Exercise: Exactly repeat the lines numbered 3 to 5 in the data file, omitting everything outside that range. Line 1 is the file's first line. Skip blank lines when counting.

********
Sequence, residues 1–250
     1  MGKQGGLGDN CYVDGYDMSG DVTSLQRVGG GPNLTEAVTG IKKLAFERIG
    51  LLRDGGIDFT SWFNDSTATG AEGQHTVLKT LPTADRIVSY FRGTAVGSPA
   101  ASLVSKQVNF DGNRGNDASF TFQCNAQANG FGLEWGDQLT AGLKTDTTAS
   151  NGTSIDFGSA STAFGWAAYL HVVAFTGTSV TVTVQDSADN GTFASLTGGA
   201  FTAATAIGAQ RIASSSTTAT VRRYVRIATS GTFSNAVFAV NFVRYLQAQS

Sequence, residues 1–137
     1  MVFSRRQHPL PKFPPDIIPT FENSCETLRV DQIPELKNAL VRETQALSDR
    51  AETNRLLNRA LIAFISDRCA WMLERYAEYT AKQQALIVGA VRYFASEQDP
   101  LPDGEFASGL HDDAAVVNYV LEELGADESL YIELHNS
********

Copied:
    51  LLRDGGIDFT SWFNDSTATG AEGQHTVLKT LPTADRIVSY FRGTAVGSPA
   101  ASLVSKQVNF DGNRGNDASF TFQCNAQANG FGLEWGDQLT AGLKTDTTAS
   151  NGTSIDFGSA STAFGWAAYL HVVAFTGTSV TVTVQDSADN GTFASLTGGA